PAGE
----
More safety incidents have occurred on the Jubilee Line than any other on the London Underground in the past five years, the Bureau can reveal.
Our analysis of Transport for London’s own accident database, obtained through a Freedom of Information request, shows that over 3,100 accidents are attributed to the Jubilee Line, despite the fact that the line carried fewer passengers last year than the Northern, Central or District lines.
The database reveals that 18,677 accidents occurred across the entire Tube between January 2006 and March 2011, with 835 serious accidents and 188 fatalities. The majority of accidents recorded are classed as ‘minor’ injuries, such as cuts and bruises.
The revelations come as union bosses express concerns about the Tube’s ability to cope with the increased traffic numbers expected at next year’s Olympic Games.
Keith Norman, general secretary of train drivers’ union ASLEF said: ‘We’ve always got serious concerns about safety on the Underground as it’s the oldest and busiest network in the world, and next year it’s going to be stretched more than ever.’
He also expressed concerns that a move by London Underground to automate some tube trains and remove drivers could exacerbate the likelihood of injury. ‘We’re concerned about suggestions by the mayor that trains could operate without drivers,’ he said. ‘If the technology fails, we need a human there as a last resort.’
A high number of accidents are recorded at stations that are major transport hubs such as Waterloo and London Bridge, both of which have catalogued high numbers of incidents.
The deaths recorded in the database occur mostly as a result of passengers falling under trains or being struck near exposed train lines or tunnels – 88 of the fatalities that occurred on tube tracks are described as being caused by ‘multiple’ injuries and a further seven are recorded as ‘amputations’. A further 30 of the fatal incidents are attributed to ‘unknown’ causes.
Aside from passengers, however, there also appear to be six cases of night-time trespassers being found dead near London Underground lines or sidings, and a further six cases of third-party contractors being struck and killed on the lines.
Bob Crow, general secretary of the National Union of Rail, Maritime and Transport Workers, said: ‘The increase appears to correspond with cuts in station based staff. This means there are less people to move passengers along and to prevent accidents happening.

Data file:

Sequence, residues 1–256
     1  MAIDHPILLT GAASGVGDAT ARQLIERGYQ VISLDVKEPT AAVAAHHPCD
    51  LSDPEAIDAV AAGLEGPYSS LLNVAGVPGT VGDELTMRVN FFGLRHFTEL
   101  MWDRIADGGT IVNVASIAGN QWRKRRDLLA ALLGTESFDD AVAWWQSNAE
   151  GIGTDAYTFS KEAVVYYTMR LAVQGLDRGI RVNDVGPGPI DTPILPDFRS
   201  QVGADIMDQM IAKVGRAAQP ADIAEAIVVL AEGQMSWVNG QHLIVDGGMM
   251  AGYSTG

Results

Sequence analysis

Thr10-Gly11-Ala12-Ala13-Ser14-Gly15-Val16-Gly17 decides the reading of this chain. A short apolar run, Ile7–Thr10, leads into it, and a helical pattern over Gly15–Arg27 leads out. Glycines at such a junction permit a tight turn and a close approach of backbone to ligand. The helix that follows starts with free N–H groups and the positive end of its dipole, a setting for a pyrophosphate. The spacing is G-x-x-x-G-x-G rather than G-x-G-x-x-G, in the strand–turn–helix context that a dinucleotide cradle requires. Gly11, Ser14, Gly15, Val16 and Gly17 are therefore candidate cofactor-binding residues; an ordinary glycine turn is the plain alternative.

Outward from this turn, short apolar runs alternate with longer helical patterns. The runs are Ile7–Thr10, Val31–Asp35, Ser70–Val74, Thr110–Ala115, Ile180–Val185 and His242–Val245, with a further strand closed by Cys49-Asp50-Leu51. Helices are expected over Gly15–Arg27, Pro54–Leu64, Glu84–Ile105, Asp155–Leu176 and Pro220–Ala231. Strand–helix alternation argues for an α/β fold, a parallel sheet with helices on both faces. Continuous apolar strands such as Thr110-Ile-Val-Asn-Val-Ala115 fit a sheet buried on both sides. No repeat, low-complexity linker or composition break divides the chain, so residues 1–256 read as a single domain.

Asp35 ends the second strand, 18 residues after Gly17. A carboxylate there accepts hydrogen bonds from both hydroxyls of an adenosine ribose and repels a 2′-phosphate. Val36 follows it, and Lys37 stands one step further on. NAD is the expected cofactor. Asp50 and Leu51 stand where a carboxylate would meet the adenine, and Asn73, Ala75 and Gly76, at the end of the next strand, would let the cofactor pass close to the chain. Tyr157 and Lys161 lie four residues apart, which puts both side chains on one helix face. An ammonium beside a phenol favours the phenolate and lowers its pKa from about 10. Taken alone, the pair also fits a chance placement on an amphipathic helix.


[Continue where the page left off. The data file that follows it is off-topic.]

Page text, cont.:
‘It also nails the lie that high levels of automation on the Underground improve safety. The Jubilee line is the most heavily automated and yet has the highest number of accidents.’
The vast majority of Jubilee Line accidents in the database appear to be comparatively minor injuries, such as cuts, sprains and bruises, which occur mostly on escalators.
However, the figures also include over 50 fractures and 30 cases of dislocated joints – occurring more frequently on stairs than any other area of tube stations – as well as 15 electric shocks and six heart attacks.
When minor injuries were excluded from the analysis, however, the Jubilee Line had only the fifth highest numbers of accidents, behind the Central, Northern, Piccadilly and Circle lines.
This could suggest that its platform edge doors, installed at some of its largest stations to improve safety and ventilation, are successfully preventing serious injury. They were installed to ‘future-proof’ the station against high numbers of accidents.
Roger Ford, a rail safety expert who writes for Modern Railways magazine, warned against wrongly attributing injuries to the Underground. ‘If you get a more crowded network, people are more likely to trip getting out of a train. We have to separate out the accidents that would happen whatever people were doing with the accidents caused by travelling on a tube train,’ he said.
A Transport for London spokesman said: ‘The safety of customers and staff is London Underground’s top priority and a recent Office of Rail Regulation report indicated that the Tube is the safest significant-sized railway in Europe, with a safety record 15 times better than the European average. The latest figures shows that safety incidents fell by eight per cent in 2010/11 compared to the previous year.
‘Although the vast majority of these incidents were very minor, and less than 0.0005 per cent of the 5bn journeys made on the Tube in the last five years involved any kind of safety incident, we are not complacent and will continue to work hard to maintain our excellent and improving safety record.’
This graph shows the number of incidents over a five-year period by line:
This graph shows the spread of accidents by hour throughout the day. The Jubilee Line is consistently higher except at peak times, when the Central Line exceeds it: